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“Study the past if you would define the future.” Confucius

“If you don’t know history, then you don’t know anything. You are a leaf that doesn’t know it is part of a tree.” Michael Crichton

I was in a meeting a few days ago with some extraordinarily smart individuals who were trained in some highly technical areas, and we were discussing the best way to govern something. I made the comment that we didn’t really need to come up with anything new. While the fact pattern was unique within my organization, it was in fact common in other places. The knowledge that it was not a unique fact pattern and that there were already defined processes developed to address it emphasizes the point that you need trained project professionals involved.

That meeting caused me to think about the new Project Management Body of Knowledge (PMBOK®), an excellent reference document for most things related to projects. What exactly is the PMBOK? In my opinion, it is an Enlightenment-based document.

Stay with me. I promise I’m going somewhere with this!

“The Enlightenment” or the “Age of Reason” was a period in history where empirical observations and the scientific method were employed to use reason as the source of truth. In the United States, this movement had a profound impact on the Founding Fathers and the Framers of the Constitution as they sought to learn from history and the great philosophers. History revealed that the fate of most nations was tyranny, and they attempted to avoid that fate for their progeny through the structure and philosophy described in the Declaration of Independence, the Bill of Rights and the Constitution.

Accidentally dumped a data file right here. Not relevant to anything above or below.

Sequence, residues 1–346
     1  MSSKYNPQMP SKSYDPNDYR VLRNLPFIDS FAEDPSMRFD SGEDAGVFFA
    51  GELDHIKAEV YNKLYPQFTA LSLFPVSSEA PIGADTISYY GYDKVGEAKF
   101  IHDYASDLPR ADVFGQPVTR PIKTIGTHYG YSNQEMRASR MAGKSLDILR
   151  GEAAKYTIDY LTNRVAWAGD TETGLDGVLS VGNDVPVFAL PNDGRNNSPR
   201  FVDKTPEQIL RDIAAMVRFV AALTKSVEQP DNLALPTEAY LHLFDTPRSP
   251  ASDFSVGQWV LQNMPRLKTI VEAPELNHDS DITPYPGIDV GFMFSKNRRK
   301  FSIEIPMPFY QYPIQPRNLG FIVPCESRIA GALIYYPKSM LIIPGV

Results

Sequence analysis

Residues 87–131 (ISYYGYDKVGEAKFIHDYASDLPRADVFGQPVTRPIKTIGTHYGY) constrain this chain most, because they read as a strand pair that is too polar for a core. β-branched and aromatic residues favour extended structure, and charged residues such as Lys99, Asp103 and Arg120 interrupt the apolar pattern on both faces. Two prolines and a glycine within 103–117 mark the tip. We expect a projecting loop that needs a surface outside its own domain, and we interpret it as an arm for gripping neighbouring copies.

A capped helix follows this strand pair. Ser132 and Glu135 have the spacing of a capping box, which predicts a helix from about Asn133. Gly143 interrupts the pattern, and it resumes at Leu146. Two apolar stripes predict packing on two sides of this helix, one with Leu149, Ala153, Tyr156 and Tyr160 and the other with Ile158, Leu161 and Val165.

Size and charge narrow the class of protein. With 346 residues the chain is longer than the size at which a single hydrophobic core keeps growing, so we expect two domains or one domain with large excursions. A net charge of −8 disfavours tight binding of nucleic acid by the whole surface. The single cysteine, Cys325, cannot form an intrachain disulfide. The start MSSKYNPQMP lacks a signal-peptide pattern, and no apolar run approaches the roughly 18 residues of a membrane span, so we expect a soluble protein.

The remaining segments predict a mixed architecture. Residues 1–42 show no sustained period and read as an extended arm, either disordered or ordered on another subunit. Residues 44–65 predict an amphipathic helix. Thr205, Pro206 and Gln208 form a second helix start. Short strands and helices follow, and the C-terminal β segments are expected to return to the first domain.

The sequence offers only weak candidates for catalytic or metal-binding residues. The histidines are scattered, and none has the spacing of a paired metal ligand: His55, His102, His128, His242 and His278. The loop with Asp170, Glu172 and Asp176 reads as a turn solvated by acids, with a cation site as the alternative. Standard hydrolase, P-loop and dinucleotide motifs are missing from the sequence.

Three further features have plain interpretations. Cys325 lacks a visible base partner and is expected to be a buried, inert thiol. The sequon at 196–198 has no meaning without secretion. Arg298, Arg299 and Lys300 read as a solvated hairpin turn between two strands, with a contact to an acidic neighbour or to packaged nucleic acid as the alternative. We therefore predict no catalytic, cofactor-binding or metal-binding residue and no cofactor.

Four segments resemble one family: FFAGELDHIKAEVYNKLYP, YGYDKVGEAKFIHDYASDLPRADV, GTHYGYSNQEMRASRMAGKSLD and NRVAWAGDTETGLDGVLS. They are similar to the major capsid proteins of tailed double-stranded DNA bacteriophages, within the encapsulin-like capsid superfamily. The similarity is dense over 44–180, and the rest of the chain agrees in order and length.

What does that have to do with the PMBOK? The PMBOK represents the accumulated knowledge of the Project Managers that have gone before you. It is based on the scientific method as new ideas are tried in the real world of projects, and they are either retained, adopted or disposed of. The environment is scanned and carefully observed in a search for new tools, techniques and areas of emphasis. New additions are subject to the same scrutiny and are either included or excluded based on their value. The document itself is has many contributing experts in the field of project management, ensuring diversity of thought in an attempt to be as inclusive as possible.

An example of this is the increased emphasis on “Agile” methods in the PMBOK, 6th Edition. I have taught hundreds of students to prepare for the Project Management Professional (PMP®) certification exam. I had been noticing an increasing disconnect between the predictive project management methods preferred and described in the PMBOK, and the real-world experiences of the students. Why? Many of the students are involved in knowledge-based projects, and knowledge-based projects are different! In most instances, they are much more suited to an adaptive (or agile) approach. The PMBOK is embracing this new reality by directly referencing agile methodologies.

When I teach Project Management Professional exam prep classes, I routinely ask a couple of questions:

Does your organization attempt to follow the principles, tools and techniques described in the PMBOK?  The vast majority of the time, the answer is a firm “no.” Continuing the discussion, the students normally blame the politics of the organization and a hesitancy to empower either the project manager or the project management office.